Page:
I just finished reading Methodism and the Shaping of American Culture (edited by Nathan Hatch and John Wigger). This book is a compilation of ten essays written by various Methodist historians. Several of the essays were exceptional. Nathan Hatch writes an essay, “The Puzzle of American Methodism,” which points to the astonishing neglect of Methodism in American religious history. Hatch considers the reasons for this neglect and points to the important contribution that Methodism has to make to the understanding of religion in America.
David Hempton’s essay, “Methodist Growth in Transatlantic Perspective, ca.1770-1850,” provides a very helpful summary of much of the previous historiography of American Methodism. Hempton particularly interacts with E. P. Thompson’s work, offering an insightful critique. Hempton also looks at the European roots of American Methodism.
John H. Wigger’s essay , “Fighting Bees: Methodist Itinerants and the Dynamics of Methodist Growth, 1770-1820,” is an in-depth look at itinerancy in early American Methodism. If nothing else, one cannot help but notice the vast difference between the way itinerancy is understood today and the way it was understood then.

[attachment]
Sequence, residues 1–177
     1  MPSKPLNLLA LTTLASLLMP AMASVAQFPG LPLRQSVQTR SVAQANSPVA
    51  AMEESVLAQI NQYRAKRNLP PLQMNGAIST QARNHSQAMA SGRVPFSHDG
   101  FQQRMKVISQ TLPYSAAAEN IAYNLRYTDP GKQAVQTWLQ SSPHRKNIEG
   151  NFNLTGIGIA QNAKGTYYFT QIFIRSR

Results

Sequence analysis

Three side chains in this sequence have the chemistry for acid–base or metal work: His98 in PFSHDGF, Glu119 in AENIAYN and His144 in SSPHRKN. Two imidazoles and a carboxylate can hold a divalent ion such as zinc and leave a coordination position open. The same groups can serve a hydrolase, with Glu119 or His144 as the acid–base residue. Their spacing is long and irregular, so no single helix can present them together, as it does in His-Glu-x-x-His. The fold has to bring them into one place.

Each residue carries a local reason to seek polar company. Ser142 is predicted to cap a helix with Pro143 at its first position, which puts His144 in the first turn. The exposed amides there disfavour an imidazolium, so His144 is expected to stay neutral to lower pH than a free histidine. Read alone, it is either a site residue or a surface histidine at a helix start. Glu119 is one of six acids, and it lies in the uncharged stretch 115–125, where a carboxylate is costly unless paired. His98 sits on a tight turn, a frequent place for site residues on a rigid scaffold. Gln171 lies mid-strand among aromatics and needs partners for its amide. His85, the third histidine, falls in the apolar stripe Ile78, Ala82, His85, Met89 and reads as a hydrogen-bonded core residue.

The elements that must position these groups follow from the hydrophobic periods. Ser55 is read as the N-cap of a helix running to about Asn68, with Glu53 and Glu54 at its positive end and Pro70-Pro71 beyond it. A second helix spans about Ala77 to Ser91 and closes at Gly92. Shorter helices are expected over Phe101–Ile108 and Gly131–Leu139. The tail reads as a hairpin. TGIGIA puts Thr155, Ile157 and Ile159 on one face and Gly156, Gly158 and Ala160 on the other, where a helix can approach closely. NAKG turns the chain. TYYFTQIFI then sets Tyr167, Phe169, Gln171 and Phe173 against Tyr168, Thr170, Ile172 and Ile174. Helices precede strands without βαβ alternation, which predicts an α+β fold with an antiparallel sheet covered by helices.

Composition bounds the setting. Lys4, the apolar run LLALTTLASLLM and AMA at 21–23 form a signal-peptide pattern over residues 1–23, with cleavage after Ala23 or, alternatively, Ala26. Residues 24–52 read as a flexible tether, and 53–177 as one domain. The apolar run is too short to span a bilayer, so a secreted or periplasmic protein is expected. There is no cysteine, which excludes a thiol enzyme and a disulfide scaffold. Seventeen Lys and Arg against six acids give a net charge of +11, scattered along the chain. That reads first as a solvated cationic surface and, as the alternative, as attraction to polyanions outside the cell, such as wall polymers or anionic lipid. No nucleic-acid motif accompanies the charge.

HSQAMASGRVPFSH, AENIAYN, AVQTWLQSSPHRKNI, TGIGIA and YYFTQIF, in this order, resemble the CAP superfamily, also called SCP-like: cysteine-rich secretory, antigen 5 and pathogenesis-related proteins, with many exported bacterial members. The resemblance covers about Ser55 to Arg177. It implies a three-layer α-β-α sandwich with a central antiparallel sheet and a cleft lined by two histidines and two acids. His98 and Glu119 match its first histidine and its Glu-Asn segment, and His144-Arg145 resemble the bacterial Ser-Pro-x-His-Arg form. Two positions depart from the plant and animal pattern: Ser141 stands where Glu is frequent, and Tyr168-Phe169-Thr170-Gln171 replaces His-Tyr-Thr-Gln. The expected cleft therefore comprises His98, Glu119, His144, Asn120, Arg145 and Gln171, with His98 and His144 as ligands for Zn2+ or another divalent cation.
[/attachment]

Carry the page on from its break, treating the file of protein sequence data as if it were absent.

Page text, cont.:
In “Consecrated Respectability: Phoebe Palmer and the Refinement of American Methodism,” Kathryn T. Long looks at the way in which Phoebe Palmer’s emphasis on holiness and entire sanctification sought to hold gentility and holiness in tension. Long compares Palmer’s understanding of sanctification to that of B. T. Roberts, for whom entire sanctification and wealth are clearly incompatible.
There are several other essay worth reading in this volume. Richard Carwardine’s essay “Methodists, Politics, and the Coming of the American Civil War,” helps one to better understand how Methodists engaged in politics in the period leading up to the Civil War. (I was particularly interested in his argument that the Methodist understanding of political engagement radically changed from Asbury’s lifetime to the mid-nineteenth century, to what he dubs a “Reformed public theology.”)
This collection of essays (as the title of the book suggests) helps the reader gain a better understanding of the way in which Methodism shaped American culture in its first one hundred years on American soil. For those who are interested in such an understanding, this is a worthwhile read.